Summer Job, June

Sophie Klahr

Winner of the 2015 Washington Square Poetry Award, selected by Eduardo C. Corral

 

There are cream sounds at dusk, and garden stones

brought from the lake. Lace curtains, dim gold vines

along bedroom walls. Low moon—lavender,

ravens; the scent of algae in the air;

damp chalk children left on the street last night;

flies shimmering over a small dead bird.

One summer, a boy slipped, lost to the gorge

where he had been climbing with his brother.

When my brother visits, he slips nightly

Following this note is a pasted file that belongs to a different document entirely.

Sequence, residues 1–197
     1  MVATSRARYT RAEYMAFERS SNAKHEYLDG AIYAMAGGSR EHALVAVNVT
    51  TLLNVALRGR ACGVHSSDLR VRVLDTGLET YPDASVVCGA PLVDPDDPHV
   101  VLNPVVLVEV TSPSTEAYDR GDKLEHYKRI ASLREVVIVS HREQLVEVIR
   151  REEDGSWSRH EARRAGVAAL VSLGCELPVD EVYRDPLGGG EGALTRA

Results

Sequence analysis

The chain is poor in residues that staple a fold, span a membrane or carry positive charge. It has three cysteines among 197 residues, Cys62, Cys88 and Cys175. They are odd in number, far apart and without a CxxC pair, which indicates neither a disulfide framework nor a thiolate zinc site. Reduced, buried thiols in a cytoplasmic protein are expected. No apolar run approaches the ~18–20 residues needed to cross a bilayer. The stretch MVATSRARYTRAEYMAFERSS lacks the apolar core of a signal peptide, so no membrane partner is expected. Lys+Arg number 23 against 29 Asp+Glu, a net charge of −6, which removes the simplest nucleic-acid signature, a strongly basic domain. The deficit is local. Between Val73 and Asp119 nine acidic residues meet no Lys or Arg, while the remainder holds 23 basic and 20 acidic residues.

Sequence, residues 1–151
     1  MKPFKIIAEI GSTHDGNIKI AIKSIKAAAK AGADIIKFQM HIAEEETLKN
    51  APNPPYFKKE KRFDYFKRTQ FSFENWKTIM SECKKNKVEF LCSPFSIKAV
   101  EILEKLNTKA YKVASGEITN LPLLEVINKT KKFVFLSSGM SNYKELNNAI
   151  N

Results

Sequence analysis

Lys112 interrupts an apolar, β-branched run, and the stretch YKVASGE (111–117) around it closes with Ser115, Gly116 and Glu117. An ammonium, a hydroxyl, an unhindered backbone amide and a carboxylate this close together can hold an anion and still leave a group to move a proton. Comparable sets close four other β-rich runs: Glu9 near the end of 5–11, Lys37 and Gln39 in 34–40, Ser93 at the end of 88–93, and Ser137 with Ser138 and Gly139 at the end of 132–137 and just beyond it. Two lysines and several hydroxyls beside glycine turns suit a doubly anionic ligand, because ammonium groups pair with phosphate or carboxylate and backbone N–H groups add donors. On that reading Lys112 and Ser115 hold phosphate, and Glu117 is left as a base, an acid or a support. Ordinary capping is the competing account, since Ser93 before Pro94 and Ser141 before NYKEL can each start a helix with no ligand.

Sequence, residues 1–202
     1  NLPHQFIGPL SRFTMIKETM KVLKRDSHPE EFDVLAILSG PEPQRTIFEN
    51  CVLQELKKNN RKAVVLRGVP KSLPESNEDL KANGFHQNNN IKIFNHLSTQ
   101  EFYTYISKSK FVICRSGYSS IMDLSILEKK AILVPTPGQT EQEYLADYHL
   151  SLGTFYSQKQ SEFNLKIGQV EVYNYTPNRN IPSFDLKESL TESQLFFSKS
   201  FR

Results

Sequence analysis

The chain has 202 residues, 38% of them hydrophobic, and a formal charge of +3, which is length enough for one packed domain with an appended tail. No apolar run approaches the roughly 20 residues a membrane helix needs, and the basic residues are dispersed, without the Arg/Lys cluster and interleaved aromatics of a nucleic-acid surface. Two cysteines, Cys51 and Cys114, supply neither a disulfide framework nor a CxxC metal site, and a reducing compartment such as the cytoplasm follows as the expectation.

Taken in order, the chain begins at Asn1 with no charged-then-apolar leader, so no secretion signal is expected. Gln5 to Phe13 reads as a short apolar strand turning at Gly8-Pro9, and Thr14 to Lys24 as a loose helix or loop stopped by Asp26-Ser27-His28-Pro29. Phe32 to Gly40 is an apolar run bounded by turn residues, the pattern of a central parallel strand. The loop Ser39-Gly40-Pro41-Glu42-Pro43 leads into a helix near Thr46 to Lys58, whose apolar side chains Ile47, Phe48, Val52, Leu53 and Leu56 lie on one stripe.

into churches to touch their organs, &

I trail him, waiting outside the windows.

If he sees me, he will not play at all.

The boy who did not fall works the grounds here

as a gardener. I often see him

kneeling, his hands slowly turning the earth.

 

 

SOPHIE KLAHR’s poems, essays, and reviews appear in Ploughshares, The Rumpus, Gulf Coast, Ninth Letter, Sycamore Review, and other publications. Her residencies and fellowships include the Art Farm and the Atlantic Center for the Arts. She is the author of the chapbook ______ Versus Recovery (Pilot Books), and is the contributing editor at Gigantic Sequins. She lives in California.